A special treat was a reading of a poem for 2 voices, “Fusion Approach to Gathering,” by Dawn & Hani Marar from Dawn’s new book Efflorescence (Finishing Line Press, 2018). Howard Kogan announced that he had sold his house & would be moving to Massachusetts, but said the poem he read was not about him, titled “Over.” Betty Zerbst’s poem is titled “Looking Back” memories about her family in rhyme. Tom Corrado moved out of his comfort zone to read the grim “Notes from the Belly of the Beast” — he has published his “Screen Dumps” in a collection of 365 A Dump a Day. Philomena Moriarty read the first in a series of poems, written from notes of what comes up from sitting in a present moment, “Snapshot.”

Joe Krausman read a humorous, social commentary “The Magic of the Answering Machine,” a message that someone left behind before he died. Clarese Portofino read a poem, like a series of notes, describing a shameless party & its aftermath “The Last Brazier.” Brianna Kehrer’s poem, “Peter Paul & Amy,” describes a sad cook in a restaurant in Schenectady & finding a moment of compassion.

The final reader was also a first timer here, Jeannette Rice, has read other people’s poetry, read her own poem from 1956, from elementary school bomb drills, imaging the bombs had exploded & the Earth is dead.

But with any luck the Earth will not be dead on future Third Thursdays so we can gather at the Social Justice Center, 33 Central Ave., Albany, NY, 7:30PM, for a featured reader & an open mic for the rest of us to read a poem too.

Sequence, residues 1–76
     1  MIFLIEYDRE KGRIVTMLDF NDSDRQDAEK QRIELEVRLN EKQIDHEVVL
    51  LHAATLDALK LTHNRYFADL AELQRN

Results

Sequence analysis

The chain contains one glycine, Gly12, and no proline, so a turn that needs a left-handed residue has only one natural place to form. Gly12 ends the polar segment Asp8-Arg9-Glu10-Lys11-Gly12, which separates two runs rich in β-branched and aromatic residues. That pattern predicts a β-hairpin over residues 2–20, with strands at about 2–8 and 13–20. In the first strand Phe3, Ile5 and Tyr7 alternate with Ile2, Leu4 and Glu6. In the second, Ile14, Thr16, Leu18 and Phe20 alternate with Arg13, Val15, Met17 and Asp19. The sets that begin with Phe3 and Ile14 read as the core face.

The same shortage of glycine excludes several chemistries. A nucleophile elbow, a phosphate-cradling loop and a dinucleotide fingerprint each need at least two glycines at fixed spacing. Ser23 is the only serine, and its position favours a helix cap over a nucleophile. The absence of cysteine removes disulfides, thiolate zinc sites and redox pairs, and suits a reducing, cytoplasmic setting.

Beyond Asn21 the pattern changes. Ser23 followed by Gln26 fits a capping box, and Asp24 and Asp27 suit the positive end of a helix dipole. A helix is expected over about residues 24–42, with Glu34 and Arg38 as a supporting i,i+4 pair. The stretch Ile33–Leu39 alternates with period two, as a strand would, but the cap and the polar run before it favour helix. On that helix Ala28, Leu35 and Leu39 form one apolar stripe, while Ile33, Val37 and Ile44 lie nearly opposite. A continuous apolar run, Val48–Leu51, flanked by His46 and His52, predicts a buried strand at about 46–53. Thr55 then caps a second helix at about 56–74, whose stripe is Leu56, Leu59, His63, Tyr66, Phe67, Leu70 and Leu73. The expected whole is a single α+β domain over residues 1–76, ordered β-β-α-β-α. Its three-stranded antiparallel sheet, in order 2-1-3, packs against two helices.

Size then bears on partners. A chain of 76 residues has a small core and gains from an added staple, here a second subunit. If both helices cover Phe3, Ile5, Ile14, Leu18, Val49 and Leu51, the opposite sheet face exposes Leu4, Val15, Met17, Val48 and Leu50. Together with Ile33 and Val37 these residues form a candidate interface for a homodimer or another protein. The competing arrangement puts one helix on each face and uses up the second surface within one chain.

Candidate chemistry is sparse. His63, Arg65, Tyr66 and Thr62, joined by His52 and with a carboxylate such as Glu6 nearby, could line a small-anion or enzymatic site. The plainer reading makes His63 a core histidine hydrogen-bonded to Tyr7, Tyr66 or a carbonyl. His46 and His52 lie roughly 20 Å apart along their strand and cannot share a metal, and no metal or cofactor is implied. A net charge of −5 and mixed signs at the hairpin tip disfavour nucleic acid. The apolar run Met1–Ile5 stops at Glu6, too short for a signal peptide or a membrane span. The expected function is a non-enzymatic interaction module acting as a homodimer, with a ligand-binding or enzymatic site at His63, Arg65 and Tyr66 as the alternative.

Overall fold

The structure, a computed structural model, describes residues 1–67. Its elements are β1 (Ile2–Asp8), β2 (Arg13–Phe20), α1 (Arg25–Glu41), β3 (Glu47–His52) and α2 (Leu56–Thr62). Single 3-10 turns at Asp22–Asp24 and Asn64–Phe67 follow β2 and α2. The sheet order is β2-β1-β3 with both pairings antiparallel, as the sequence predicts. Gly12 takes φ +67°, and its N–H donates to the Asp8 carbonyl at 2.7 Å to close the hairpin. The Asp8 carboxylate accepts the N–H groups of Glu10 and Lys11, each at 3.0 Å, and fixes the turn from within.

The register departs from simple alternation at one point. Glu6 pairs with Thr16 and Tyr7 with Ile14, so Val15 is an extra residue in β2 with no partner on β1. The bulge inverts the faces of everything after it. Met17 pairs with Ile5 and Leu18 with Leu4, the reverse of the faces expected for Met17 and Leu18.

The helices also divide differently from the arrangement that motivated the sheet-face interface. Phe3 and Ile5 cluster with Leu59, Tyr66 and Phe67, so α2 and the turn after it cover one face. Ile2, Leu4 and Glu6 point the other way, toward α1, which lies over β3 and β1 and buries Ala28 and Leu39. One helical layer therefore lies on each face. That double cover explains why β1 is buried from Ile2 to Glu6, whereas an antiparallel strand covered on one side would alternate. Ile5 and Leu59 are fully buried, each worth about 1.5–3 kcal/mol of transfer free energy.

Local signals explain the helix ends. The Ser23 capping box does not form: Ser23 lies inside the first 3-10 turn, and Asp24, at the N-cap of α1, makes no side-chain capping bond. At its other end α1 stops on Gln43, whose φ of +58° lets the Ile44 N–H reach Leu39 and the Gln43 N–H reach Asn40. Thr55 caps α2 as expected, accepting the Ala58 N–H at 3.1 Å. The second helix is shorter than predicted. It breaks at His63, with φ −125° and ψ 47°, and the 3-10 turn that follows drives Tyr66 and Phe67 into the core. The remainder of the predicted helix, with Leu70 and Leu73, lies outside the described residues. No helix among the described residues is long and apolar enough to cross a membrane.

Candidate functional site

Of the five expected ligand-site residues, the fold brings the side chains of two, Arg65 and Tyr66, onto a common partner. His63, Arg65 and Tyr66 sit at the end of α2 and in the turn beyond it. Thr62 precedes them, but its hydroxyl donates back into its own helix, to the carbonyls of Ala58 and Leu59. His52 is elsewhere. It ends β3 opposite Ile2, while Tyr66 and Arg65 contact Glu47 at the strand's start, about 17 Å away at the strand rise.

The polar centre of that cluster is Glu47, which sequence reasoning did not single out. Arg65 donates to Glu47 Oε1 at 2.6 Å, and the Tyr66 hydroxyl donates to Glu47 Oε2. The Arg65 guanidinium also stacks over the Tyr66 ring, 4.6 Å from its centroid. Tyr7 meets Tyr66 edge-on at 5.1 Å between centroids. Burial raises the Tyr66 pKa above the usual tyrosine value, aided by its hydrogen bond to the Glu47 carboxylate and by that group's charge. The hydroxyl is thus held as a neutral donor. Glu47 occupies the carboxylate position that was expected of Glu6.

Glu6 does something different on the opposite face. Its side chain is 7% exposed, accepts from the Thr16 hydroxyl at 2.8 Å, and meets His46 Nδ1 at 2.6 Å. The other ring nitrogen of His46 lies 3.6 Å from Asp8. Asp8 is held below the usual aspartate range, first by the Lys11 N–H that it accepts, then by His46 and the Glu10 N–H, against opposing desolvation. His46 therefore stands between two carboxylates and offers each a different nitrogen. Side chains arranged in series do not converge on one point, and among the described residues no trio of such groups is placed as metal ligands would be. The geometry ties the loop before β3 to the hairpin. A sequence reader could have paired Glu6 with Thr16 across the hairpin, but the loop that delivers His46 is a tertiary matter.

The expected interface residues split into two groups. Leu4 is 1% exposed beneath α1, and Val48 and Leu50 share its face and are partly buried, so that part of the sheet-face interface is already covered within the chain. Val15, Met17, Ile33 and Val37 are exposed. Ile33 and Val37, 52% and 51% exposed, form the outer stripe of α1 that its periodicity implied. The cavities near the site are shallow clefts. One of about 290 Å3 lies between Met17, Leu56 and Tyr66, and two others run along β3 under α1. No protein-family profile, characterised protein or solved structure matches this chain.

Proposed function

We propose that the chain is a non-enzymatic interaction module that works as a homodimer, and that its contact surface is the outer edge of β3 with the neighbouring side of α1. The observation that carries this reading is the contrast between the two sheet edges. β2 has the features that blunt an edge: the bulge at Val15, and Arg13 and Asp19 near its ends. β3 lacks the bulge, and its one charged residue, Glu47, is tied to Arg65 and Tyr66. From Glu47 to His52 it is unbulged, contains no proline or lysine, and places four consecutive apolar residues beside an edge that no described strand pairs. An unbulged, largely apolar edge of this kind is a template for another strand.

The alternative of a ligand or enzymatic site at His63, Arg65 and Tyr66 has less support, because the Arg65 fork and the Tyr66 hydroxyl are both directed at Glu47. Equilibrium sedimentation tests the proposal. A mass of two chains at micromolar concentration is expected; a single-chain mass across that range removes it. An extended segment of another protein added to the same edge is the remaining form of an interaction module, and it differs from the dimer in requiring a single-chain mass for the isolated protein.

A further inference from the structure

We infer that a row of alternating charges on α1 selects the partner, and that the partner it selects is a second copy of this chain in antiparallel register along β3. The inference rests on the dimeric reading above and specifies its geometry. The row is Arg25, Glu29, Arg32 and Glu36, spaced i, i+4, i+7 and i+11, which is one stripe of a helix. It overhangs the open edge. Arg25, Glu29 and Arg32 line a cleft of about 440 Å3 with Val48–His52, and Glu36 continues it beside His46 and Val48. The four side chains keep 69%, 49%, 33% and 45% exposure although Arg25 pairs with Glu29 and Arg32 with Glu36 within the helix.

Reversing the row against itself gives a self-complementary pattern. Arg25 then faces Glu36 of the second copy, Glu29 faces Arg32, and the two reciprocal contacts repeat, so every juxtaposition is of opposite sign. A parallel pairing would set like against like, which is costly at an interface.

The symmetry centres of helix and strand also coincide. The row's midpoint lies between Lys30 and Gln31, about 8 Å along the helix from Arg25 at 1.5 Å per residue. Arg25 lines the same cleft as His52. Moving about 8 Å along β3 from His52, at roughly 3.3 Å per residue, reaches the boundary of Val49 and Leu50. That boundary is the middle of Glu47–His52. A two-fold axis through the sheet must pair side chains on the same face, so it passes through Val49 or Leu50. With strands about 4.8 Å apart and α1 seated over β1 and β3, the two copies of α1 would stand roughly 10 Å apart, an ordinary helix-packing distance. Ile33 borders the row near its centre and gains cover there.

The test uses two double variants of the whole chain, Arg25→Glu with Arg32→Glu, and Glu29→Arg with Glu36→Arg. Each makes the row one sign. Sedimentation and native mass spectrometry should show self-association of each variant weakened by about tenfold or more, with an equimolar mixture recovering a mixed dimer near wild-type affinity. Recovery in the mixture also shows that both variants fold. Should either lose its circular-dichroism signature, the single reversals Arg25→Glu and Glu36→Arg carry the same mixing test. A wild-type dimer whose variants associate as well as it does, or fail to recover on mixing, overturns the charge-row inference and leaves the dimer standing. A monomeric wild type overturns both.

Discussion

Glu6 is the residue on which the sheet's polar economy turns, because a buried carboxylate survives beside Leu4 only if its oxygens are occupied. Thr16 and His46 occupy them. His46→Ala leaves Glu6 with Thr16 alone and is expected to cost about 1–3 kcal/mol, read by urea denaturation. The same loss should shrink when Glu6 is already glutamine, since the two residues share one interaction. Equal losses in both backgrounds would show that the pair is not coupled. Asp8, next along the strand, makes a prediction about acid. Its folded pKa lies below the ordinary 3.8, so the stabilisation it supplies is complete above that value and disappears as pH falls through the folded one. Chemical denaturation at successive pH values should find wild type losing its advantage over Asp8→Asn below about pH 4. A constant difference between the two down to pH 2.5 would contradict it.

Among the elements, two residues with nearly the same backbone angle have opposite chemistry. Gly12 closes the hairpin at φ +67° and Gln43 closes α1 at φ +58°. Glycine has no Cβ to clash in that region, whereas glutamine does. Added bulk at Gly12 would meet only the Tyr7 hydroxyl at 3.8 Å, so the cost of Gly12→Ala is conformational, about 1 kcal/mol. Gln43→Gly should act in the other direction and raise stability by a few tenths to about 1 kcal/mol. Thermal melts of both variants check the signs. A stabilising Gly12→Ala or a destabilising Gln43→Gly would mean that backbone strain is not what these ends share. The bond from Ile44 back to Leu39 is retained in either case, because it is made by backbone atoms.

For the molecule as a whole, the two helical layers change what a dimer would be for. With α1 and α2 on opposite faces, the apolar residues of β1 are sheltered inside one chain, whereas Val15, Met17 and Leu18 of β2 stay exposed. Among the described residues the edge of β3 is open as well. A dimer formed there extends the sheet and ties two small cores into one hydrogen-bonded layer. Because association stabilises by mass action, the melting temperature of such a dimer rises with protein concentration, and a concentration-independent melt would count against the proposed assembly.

June 5, 2018

2nd Sunday @ 2: Poetry + Prose, May 13


This week we got bounced upstairs but it doesn’t matter, the words still flow up. Nancy Klepsch & I play tag-team hosts here at the Arts Center each month.

& I ended up first on the open mic sign-up, & read 2 new pieces, “Buttons Not Bombs,” & a poem-joke dedicated to Peggy LeGee “A Traney Story.” Rena Ehrlich adds an international flavor, like vodka, to the readings here with her translations of Russian poets, today it was Evgeny Yevtushenko’s poem “Here is What’s Happening” (translated by Andrey Kneller), & her own translation of “April” by Bulat Okudzhava. Mike Conner likes to read his seasonal poems, & appropriately enough his first was “May First,” then the descriptive “Summer Calls.”

Harvey Havel is often in the audience at open mics, but rarely reads; today he read the first 4 pages of a new novel of a love story for a crack addict told by an upper-class hockey player. Karen Fabiane’s first piece was titled “Navigating the Space Bar” then another portrait of a woman at a bar “Corner Spot.” Peggy LeGee read her newest chapbook Enter the Shopping Kart Man (Transgirl Press 2018) in the continuing graphics art saga of Moochie the Dumpster Kat (art & lettering by Raymond Lowell).

Co-host Nancy Klepsch wrote a poem this morning celebrating the color “Green” & tried it out.  Jil Hanifan started with the short “Poem in the Overcast” then a piece on urban sounds “Presences.” Bob Sharkey read 2 poems inspired by entries in the recent Stephen A. DiBiase Poetry Contest, “Siege” about the Battle of Malawi in the Philippines in May 2017, then a Cento titled “We Are Delivered by Wonder” composed of lines of poems from entries in the contest. Christian Ortega has just moved to Troy from the mid-Hudson area & read from his book Red Poems (Hispanic Paradox Press, 2014) the poems “My Name & Yours” & “Miami.”

Each 2nd Sunday @ 2 at the Arts Center of the Capital Region we gather for a wide-open literary open mic of poetry & prose — bring your pages to read, free & open to the public.

June 1, 2018

Poets of Earth, Water, Tree & Sky, May 11